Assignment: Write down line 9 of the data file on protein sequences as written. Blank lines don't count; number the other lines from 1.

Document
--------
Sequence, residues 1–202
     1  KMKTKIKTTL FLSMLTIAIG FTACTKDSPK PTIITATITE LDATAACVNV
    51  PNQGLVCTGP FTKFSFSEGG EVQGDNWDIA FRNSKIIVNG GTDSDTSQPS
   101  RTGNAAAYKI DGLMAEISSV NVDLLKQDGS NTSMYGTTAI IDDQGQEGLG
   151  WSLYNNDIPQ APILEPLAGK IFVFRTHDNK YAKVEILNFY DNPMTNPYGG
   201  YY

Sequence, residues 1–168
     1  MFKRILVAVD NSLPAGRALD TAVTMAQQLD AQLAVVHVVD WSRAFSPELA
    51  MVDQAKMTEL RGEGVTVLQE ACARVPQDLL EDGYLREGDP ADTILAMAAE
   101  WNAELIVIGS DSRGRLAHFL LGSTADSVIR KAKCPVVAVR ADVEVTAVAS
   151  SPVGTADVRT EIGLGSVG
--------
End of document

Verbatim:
    51  MVDQAKMTEL RGEGVTVLQE ACARVPQDLL EDGYLREGDP ADTILAMAAE